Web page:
Operating income from Sanuk’s wholesale business fell 29% or $6.3 million from $21.9 million last year to $15.6 million in the year ended March 31, 2016.
“The decrease in income from operations of our Sanuk brand wholesale from the prior year period was primarily due to a decrease in sales and $3,000 of restructuring charges, partially offset by a decrease in operating expenses of approximately $3,000. The decrease in operating expenses was primarily attributable to lower marketing and advertising and lower sales and commission expenses.”
Following March 31, 2016, Deckers paid the sellers of Sanuk their finally contingent payment for the purchase. That amount was $19.7 million. It represented 40% of the gross profit earned by Sanuk during calendar year 2015. A little simple math tells us that Sanuk’s total gross profit during calendar 2015 was $49.25 million.
For the current fiscal year, Deckers’ expects Sanuk’s revenues to be “…down mid single digit…”
I think I can tactfully say that Sanuk has not precisely lived up to Deckers’ expectations when they bought it. Less tactfully, I’d say that’s largely Deckers’ fault.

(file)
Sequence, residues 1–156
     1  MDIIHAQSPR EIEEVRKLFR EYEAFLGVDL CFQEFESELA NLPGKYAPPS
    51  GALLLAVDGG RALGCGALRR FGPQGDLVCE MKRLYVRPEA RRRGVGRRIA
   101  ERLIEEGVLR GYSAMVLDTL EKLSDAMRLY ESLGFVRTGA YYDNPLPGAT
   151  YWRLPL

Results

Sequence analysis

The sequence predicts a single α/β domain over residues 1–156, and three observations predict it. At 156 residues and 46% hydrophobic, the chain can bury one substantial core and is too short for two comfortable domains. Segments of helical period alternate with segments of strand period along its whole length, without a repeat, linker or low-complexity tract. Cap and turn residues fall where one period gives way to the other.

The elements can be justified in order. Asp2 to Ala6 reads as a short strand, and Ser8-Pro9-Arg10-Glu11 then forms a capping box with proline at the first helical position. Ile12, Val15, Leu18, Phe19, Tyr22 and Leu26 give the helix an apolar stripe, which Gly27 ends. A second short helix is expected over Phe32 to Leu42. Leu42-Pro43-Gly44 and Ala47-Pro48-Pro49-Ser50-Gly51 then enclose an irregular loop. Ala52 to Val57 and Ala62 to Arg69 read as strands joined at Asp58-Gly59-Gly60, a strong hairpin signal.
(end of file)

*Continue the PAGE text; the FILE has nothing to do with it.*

You know, I don’t know if branding is now the most important thing in the world because of the lack of meaningful product differentiation or if branding doesn’t matter as much due to the blurring of distribution lines, the decline in the ability of traditional advertising to influence consumers, and the transparency of pricing.
The kinds of quotes and goal statements I started this article with are ubiquitous to the industry. My recollection is that surf, skate, and snow brands and retailers were all better off when specialty brands were actually perceived to be special. I’m not here to whine that I’d like things to go back to the way they were. Okay, I’m going to whine a little, but that’s not going to happen.
The sameness of what most companies seem to be doing doesn’t look promising to me. But I’ve got confidence that eventually product innovation, an improving economy, and a continued reduction in the number and size of competitors will make things improve.
We’ll see if Deckers is one of the companies that does it right.